The Supreme Court in 2008 opened up the doors to gun-rights litigation when it held in the Heller case that the Second Amendment confers an individual right to keep and bear arms. Gun cases are now working their way through the federal courts. This does not mean that the courts are recognizing new gun rights.
The case is Kwong v. Bloomberg, decided on July 9. New York City charges $340 for a three-year gun license. Second Amendment advocates argue that this fee violates the Constitution. It does not, the Second Circuit (Cabranes, Walker and Wesley) says. The Court borrows from our First Amendment cases in deciding whether licensing fees violate the Constitution. Under the First Amendment, if you want to hold a parade, the government can charge you a licensing fee to defray the administrative costs associated with processing the application and maintaining public order. Same goes for Second Amendment cases. While the $340 licensing fee is significantly more money than that charged by by other jurisdictions, that grievance is irrelevant. What's relevant is that it costs New York City about $340 to defray the administrative costs of processing gun license applications.
The plaintiffs also claim that the licensing fee imposes an unconstitutional burden on gun ownership. In order to resolve this issue, the Court of Appeals has to decide what level of scrutiny to apply. If the Court applies heightened scrutiny, the government has a much harder time in defending the law. Under rational basis review, anything goes. The Second Circuit does not tackle the legal standard head-on, deciding instead that the law survives what it calls "intermediate heightened scrutiny" because"we find it difficult to say that the licensing fee, which amounts to just over $100 per year, is anything more than a 'marginal, incremental or even appreciable restraint' on one's Second Amendment rights -- especially considering that plaintiffs have put forth no evidence to support their position that the fee is prohibitively expensive."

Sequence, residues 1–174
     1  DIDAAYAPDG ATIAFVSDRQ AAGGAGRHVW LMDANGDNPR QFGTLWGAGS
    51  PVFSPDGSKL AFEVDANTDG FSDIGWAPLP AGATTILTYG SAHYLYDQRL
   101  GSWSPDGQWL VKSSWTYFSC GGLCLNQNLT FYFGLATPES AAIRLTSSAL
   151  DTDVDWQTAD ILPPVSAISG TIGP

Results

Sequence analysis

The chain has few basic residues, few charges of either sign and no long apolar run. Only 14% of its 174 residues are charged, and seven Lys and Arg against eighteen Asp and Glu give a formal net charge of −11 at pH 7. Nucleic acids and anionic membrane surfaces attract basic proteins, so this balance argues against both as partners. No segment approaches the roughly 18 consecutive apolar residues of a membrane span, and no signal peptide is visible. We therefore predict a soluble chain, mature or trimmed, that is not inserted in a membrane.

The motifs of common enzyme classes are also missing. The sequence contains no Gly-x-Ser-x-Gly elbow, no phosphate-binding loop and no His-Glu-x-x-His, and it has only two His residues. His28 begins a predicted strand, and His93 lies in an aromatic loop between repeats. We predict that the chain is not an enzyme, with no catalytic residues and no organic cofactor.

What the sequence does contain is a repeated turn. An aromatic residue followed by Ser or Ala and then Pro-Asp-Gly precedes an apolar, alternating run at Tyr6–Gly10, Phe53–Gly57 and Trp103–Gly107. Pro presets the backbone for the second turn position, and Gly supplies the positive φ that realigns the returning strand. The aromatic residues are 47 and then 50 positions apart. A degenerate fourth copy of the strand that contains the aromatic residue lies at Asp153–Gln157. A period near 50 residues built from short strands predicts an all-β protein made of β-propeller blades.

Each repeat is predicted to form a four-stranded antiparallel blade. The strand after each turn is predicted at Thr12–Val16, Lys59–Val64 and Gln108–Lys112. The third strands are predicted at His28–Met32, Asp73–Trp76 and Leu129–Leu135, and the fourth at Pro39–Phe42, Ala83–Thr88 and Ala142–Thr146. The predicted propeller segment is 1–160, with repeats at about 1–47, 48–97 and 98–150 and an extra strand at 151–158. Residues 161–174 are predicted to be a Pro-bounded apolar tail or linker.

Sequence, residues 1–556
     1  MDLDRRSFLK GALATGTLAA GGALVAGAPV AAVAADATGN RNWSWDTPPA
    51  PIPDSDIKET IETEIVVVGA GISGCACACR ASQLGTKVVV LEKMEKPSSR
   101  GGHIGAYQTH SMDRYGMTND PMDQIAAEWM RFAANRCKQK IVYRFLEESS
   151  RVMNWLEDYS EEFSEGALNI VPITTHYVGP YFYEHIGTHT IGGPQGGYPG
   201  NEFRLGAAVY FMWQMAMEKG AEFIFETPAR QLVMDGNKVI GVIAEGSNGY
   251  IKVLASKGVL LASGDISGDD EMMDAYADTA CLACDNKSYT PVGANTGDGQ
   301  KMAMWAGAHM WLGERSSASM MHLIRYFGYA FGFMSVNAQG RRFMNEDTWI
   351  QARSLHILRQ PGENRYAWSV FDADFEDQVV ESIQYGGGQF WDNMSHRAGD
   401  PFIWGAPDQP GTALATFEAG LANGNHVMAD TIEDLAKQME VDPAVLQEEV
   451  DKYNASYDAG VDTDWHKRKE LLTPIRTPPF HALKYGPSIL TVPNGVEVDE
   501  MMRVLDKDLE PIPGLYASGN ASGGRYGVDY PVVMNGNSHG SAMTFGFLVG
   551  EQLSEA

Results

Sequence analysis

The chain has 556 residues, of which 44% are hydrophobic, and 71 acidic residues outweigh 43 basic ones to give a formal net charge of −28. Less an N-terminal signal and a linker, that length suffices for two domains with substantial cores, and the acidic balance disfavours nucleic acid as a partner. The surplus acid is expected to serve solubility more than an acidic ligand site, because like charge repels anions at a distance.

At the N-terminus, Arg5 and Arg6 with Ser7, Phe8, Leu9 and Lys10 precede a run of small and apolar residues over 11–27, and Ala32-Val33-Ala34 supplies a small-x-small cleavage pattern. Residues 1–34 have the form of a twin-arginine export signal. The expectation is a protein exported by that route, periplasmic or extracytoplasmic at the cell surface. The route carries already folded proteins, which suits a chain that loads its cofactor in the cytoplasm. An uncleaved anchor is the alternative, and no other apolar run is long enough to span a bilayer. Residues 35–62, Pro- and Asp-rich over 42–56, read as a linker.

Finally, the plaintiffs sue under the Equal Protection Clause because state law allows New York
City and Nassau County to set their own licensing fees separate and
apart from the rest of the state.This distinction survives rational basis review. The rest of the state can charge $3 to $10 to license firearms. But, "beyond setting the $3-10 fee range applicable to most of New York State, which plaintiffs do not contest, [the Penal Law] itself does nothing to burden anyone's Second Amendment rights." The law does not target a suspect class (such as race or religion) or burden a fundamental right. The City rate also survives rational basis review because it defrays administrative costs associated with processing gun applications.